|Use and Trade:||This species is not utilized.|
This species' decline probably resulted from a combination of threats, including direct loss of habitat, changes in flow and temperature, and blockage of migration routes by the construction of large reservoirs. In addition, interactions with non-native fishes may have had a decimating effect in waters not affected by dams (USFWS 2011).
Uncertainty surrounding the effects of climate change to Colorado Pikeminnow should be considered for each of the threats as those impacts are realized. For example, the potential for alteration of flows in the basin as a result of climate change should be in the recovery goals. Climate change could have large impacts on the basin's aquatic ecosystem, including (but not limited to): change in the timing of peak flows from an earlier snowmelt; change in the size of peak flows because of altered snowpacks; and higher water temperatures from increased air temperature. Not only would climate change affect the ecology of the species because of the factors listed above, but it also would greatly affect the management of the programs through changes in politics and economics, such as: greater evaporation losses in the larger reservoirs may reduce flexibility of operations; and drier conditions in the basin may cause irrigators to call on their water rights more often or request more water rights. Source: USFWS (2011).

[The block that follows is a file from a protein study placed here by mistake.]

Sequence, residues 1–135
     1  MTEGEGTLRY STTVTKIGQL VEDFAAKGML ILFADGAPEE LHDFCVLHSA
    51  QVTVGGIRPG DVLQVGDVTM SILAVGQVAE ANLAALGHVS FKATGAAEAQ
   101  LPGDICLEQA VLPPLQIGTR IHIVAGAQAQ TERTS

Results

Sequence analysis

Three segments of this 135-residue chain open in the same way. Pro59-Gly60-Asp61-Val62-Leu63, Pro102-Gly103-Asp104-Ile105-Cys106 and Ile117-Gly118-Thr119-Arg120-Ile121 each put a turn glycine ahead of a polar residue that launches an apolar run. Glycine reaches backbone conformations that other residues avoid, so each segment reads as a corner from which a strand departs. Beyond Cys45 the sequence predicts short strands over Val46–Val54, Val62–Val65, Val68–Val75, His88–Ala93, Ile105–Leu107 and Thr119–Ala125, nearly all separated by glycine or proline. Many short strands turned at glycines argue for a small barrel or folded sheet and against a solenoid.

|Conservation Actions:||Promote maintenance and/or return of rivers to natural conditions through protection and appropriate dam management. Maintenance of natural flow conditions in the Yampa River, which is important in shaping the flow conditions in the Green River, is critical to the recovery of this and other rare Colorado River fishes (Tyus and Karp 1989). Prohibit/discourage introductions of non-native fishes; eliminate/reduce existing exotic fishes.|
|Citation:||NatureServe 2013. Ptychocheilus lucius. The IUCN Red List of Threatened Species. Version 2014.2. <www.iucnredlist.org>. Downloaded on 17 September 2014.|
|Feedback:||If you see any errors or have any questions or suggestions on what is shown on this page, please fill in the feedback form so that we can correct or extend the information provided|